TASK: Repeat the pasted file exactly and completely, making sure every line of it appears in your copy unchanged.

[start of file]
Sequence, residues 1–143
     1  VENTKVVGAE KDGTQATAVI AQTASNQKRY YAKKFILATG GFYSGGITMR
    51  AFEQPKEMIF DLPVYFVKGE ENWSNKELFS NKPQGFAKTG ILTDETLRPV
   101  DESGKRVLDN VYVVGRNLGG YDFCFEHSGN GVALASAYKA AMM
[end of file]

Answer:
Sequence, residues 1–143
     1  VENTKVVGAE KDGTQATAVI AQTASNQKRY YAKKFILATG GFYSGGITMR
    51  AFEQPKEMIF DLPVYFVKGE ENWSNKELFS NKPQGFAKTG ILTDETLRPV
   101  DESGKRVLDN VYVVGRNLGG YDFCFEHSGN GVALASAYKA AMM